So, AIBU to a) be pissed off that I'm constantly having to push the school to keep me up to date, despite promises to stay in touch? b) to think that after 2 years of remedial teaching, they need to rethink their plans because it's clearly not working? c) push hard for further tests for dyslexia. d) have little faith in an expert literacy teacher who is unable to provide an assessment of DD1's progress herself?

dontrunwithscissors Fri 10-Jul-15 09:19:34

Oh, the fact that she averaged out in the middle for the test seems irrelevant. What matters is how she's doing on each part of the test. I'm lost as to how the school can think it's OK to only pay attention to the final score a kid gets.

ClaimedByMe Fri 10-Jul-15 09:24:54

I am in Scotland and my dad has just left P7 she is dyslexic, the easiest thing to do is go to the nearest brick wall and bang your head off it...lots!!

I really don't know what advise to give you as even although the ed psych agreed she was probably dyslexic and the optometrist (or opthologist special children's eye dr at the hospital) said she was dyslexic the school still never done anything to help her learn to read/write/spell/numbers she has just left primary school with a learning age of 8. I tried from P4 to get someone to listen, the school finally took notice in P7 when dd lashed out verbally at her teacher.

I would take her for an eye test first if she doesn't already wear glasses and you can take her to the gp and get referred for dyslexia testing.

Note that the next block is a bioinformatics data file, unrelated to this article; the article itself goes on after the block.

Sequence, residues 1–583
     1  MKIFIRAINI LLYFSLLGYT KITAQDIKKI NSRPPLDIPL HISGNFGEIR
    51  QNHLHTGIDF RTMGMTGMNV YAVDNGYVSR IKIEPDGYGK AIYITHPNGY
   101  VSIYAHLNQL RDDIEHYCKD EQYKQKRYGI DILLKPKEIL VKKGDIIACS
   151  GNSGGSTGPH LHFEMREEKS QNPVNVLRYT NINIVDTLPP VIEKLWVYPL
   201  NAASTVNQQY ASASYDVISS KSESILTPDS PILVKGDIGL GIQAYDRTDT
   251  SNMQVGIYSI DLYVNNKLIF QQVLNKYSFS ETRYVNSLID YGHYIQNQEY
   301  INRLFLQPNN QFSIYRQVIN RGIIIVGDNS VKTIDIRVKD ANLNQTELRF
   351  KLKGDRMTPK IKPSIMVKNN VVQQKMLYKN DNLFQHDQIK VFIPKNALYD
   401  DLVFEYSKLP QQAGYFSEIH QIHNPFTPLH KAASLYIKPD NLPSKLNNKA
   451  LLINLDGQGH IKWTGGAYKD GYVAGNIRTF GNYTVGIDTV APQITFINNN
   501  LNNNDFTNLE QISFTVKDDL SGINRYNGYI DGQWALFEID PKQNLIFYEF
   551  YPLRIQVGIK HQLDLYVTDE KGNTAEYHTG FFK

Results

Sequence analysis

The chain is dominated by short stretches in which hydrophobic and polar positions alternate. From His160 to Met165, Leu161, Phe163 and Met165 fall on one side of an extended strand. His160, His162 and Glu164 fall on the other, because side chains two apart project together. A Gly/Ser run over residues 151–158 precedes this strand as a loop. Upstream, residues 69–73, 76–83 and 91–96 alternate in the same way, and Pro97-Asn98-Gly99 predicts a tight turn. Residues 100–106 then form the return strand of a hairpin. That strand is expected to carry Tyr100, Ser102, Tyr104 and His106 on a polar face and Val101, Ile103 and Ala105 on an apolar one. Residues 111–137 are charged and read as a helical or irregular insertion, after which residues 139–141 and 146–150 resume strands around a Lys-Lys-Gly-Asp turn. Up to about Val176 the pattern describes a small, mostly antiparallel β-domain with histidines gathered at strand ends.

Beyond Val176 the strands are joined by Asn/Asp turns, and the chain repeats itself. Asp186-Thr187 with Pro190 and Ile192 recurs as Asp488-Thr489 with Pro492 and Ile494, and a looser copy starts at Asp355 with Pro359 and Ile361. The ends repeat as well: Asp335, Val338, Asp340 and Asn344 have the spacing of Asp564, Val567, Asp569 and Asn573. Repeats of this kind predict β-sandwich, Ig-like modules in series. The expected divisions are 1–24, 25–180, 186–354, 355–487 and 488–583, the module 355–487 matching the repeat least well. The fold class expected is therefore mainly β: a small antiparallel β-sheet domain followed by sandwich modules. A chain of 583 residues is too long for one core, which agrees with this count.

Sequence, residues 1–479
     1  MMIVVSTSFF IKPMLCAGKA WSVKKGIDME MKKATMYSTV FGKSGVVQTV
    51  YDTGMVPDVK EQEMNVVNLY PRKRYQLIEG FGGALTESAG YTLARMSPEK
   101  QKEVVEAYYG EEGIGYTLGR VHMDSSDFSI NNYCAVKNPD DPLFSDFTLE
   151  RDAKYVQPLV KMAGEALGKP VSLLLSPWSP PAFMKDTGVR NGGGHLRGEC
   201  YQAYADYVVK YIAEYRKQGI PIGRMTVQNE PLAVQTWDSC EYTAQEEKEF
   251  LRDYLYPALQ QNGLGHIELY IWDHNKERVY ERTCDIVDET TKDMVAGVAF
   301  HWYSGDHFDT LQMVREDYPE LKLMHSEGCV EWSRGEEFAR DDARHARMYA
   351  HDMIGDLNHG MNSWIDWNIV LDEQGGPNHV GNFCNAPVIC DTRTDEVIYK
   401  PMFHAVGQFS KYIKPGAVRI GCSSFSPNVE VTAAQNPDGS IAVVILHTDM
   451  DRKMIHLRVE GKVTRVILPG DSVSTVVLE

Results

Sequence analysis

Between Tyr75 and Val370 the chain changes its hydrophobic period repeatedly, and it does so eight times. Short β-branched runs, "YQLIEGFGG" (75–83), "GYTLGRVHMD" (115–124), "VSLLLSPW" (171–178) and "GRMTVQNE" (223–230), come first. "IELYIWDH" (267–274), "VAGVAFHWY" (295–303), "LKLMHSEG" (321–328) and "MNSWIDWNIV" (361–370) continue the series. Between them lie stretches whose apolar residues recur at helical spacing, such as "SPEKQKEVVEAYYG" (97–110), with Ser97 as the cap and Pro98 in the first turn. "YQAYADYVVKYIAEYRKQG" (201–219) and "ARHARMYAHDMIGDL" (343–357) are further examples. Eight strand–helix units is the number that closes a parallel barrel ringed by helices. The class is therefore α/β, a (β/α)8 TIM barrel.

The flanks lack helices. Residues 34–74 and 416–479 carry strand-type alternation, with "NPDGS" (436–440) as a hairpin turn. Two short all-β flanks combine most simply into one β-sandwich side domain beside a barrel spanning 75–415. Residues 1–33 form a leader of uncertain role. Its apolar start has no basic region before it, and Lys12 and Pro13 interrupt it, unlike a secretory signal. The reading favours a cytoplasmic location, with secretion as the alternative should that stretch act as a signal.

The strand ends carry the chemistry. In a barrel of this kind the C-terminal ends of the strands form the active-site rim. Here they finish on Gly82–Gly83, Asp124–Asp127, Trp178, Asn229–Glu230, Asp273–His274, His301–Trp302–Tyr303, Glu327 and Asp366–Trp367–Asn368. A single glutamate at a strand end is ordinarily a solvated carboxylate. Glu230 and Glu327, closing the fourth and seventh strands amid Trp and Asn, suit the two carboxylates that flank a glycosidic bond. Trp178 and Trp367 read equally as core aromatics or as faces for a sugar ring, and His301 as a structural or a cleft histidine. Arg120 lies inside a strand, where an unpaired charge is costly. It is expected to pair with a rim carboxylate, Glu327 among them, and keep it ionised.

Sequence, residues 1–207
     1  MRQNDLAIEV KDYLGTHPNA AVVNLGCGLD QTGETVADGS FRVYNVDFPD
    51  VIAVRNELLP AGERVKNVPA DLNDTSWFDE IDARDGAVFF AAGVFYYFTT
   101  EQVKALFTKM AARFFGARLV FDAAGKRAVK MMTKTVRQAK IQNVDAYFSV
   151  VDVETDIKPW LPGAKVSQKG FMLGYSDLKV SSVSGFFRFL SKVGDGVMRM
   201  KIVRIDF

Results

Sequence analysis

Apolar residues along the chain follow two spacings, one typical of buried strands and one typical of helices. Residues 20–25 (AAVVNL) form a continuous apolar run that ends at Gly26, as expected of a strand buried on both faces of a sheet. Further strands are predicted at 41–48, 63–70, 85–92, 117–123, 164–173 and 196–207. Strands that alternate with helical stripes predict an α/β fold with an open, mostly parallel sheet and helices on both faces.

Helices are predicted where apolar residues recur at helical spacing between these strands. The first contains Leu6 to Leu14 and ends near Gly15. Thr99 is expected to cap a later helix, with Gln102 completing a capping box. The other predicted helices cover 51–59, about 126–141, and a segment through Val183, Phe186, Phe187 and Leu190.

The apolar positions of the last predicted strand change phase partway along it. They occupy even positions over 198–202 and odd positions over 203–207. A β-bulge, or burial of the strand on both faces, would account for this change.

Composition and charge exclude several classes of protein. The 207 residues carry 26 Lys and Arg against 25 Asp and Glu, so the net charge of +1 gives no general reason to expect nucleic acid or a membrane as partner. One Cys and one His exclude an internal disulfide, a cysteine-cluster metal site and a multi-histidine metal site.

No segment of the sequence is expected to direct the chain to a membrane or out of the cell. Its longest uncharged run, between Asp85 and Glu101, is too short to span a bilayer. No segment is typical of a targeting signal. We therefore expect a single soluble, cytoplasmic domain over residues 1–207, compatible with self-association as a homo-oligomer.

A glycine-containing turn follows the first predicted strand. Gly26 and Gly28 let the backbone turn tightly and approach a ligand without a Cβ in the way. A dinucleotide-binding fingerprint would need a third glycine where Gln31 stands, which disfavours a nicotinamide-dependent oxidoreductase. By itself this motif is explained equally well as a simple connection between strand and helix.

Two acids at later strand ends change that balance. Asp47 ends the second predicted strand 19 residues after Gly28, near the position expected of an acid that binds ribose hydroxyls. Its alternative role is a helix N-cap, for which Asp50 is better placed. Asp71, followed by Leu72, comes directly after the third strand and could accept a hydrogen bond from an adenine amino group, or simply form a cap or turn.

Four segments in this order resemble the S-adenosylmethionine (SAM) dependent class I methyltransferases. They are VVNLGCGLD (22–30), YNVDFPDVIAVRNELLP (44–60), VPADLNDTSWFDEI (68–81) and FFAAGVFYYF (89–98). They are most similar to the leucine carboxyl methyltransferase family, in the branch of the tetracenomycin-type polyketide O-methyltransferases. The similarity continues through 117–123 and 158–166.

Dd will get proper testing when she starts high school in August.

dontrunwithscissors Fri 10-Jul-15 09:28:58

Thanks claimed. She's had her eyes tested recently and they're fine. From my very, very limited understanding of dyslexia, I'm not sure that she shows many signs, but surely something can't be right with an 8 year old who is age 10 for her vocabulary, but age 5 for her reading!

I'm at a loss. The only good thing is that both her normal and literacy teachers are changing for P4 so maybe a fresh start might help.

dontrunwithscissors Fri 10-Jul-15 09:31:39

Sorry for everything coming out here....perhaps I'm BU, but I'm gutted that she's having these problems. She's a really sensitive child and these problems have hit her confidence hard. I was an early reader--reading books from 3 years old--and sort of assumed that she would be too.

TheTroubleWithAngels Fri 10-Jul-15 09:32:12

Message withdrawn at poster's request.

junebirthdaygirl Fri 10-Jul-15 09:33:43